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At the convention and visitors bureau, an operator informed the Press that the NFL had gobbled up every hotel in the city. Then the operator suggested calling the host committee.
Henderson acknowledged that there is a lack of communication but said the committee and the visitors bureau are working hard to solve it.
"There is confusion right now because we are trying to tell everybody, 'Don't sell anything yet we're all going to fill up, everybody's going to get taken care of,' but we do need some time," he said. "It's just that it doesn't look good right now, in this premature moment."
Ultimately, Henderson and Tollett said, asking hotels to block rooms and work through the upcoming reservation hot line will protect visitors from price gouging.
"I wish I could tell everyone that there are 48,000 hotel rooms in Houston -- don't go make a deal with someone," Tollett said. He recommended calling the visitors bureau, but conceded that the only message they'd get is "to hold on till September, and then we will find you accommodations at a reasonable rate."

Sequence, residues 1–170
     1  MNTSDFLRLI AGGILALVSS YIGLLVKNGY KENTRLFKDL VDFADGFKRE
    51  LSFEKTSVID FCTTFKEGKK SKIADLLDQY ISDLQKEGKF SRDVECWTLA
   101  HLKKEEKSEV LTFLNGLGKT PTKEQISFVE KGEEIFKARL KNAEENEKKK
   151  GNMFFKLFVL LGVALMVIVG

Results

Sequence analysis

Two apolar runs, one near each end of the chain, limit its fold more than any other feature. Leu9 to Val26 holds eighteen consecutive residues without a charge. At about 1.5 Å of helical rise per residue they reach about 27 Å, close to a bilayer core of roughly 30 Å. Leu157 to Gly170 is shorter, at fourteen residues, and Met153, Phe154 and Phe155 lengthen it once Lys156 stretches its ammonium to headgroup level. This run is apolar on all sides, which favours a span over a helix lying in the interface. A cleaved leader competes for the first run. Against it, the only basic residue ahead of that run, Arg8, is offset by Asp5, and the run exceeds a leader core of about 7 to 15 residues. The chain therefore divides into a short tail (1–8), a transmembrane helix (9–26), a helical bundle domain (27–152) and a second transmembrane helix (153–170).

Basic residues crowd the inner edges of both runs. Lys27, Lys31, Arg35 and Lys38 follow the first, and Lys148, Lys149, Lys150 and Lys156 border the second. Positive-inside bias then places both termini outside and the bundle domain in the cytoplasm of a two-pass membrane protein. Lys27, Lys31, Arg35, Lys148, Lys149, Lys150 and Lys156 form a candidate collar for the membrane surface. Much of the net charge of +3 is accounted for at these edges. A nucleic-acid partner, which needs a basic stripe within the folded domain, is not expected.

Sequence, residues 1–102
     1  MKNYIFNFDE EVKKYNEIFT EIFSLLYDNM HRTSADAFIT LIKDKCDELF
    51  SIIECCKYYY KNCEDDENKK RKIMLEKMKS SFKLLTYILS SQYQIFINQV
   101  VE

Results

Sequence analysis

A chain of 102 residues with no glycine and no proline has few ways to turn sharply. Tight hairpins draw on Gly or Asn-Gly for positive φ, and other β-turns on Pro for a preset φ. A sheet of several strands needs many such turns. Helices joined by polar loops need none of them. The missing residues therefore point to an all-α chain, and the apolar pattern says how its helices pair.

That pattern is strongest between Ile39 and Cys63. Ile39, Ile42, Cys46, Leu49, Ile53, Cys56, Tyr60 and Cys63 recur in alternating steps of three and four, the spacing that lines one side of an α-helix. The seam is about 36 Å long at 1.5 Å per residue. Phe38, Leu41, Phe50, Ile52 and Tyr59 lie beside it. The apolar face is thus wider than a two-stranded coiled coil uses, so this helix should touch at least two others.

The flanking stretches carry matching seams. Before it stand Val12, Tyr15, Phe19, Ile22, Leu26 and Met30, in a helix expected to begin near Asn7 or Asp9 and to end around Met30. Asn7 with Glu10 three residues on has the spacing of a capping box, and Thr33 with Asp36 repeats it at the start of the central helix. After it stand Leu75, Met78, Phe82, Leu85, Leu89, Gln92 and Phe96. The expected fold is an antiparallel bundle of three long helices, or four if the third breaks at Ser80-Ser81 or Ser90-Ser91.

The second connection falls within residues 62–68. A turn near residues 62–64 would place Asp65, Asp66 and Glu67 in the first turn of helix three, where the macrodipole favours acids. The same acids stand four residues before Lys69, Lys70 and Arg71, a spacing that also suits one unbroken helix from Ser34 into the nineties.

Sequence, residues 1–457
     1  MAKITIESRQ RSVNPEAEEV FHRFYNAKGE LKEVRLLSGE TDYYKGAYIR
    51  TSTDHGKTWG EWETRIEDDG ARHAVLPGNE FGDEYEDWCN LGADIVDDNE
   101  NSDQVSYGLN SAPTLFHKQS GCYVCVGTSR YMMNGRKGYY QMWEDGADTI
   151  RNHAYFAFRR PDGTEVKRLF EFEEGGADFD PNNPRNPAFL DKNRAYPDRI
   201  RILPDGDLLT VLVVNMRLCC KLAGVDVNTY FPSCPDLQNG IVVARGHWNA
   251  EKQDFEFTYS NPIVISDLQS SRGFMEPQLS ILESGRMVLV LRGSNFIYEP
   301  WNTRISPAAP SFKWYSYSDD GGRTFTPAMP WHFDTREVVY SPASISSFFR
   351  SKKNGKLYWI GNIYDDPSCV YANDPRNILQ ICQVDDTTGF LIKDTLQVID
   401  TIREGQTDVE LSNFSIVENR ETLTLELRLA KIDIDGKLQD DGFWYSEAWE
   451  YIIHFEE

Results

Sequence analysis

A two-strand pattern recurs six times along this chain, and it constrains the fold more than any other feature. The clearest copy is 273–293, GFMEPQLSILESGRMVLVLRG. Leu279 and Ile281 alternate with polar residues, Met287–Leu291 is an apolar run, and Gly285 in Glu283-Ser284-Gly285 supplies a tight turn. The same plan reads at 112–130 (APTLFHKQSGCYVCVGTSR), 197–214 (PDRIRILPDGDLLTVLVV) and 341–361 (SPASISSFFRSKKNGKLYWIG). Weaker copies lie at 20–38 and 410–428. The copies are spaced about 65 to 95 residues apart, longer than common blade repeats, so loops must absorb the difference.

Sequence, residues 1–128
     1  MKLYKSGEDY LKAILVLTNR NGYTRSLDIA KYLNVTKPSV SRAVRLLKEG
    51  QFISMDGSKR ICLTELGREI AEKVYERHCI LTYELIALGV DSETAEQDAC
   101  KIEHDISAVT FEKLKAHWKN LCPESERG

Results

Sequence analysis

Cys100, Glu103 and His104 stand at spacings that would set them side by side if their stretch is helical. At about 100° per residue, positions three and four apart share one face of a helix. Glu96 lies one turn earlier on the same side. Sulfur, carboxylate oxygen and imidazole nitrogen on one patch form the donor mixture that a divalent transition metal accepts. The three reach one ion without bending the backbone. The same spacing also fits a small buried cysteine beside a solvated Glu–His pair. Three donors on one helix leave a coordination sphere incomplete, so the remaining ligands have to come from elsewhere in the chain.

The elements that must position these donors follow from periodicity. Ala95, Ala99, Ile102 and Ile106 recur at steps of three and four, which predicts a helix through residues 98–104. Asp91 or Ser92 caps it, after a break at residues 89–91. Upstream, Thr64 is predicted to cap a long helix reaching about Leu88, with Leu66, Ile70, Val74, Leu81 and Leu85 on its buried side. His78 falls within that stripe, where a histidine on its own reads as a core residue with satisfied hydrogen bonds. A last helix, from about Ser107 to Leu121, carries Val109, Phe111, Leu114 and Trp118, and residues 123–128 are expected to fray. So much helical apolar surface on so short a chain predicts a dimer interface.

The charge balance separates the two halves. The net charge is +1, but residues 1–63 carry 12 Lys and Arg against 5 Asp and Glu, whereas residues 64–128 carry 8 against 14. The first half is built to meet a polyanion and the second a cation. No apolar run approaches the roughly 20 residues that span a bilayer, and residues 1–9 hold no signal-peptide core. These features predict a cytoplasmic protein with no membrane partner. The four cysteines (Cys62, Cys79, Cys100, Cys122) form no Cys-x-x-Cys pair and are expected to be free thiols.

That's not good enough for Honiball and his fellow travelers.
"You've got 16 people who want to go to Houston, and the rooms are being held for corporate sponsors who may or may not decide to go," he said.
He's located the resort where the group wants to play a couple of rounds of golf. Honiball has selected a limousine service and a charter boat company for a deep-sea fishing trip. The problem is that those vendors want deposits now, but his group is afraid to pay since they don't know if they'll wind up in Baytown or Brazoria.
"We found everything but [a hotel]," he said. "And it's the one thing that holds up reserving everything else."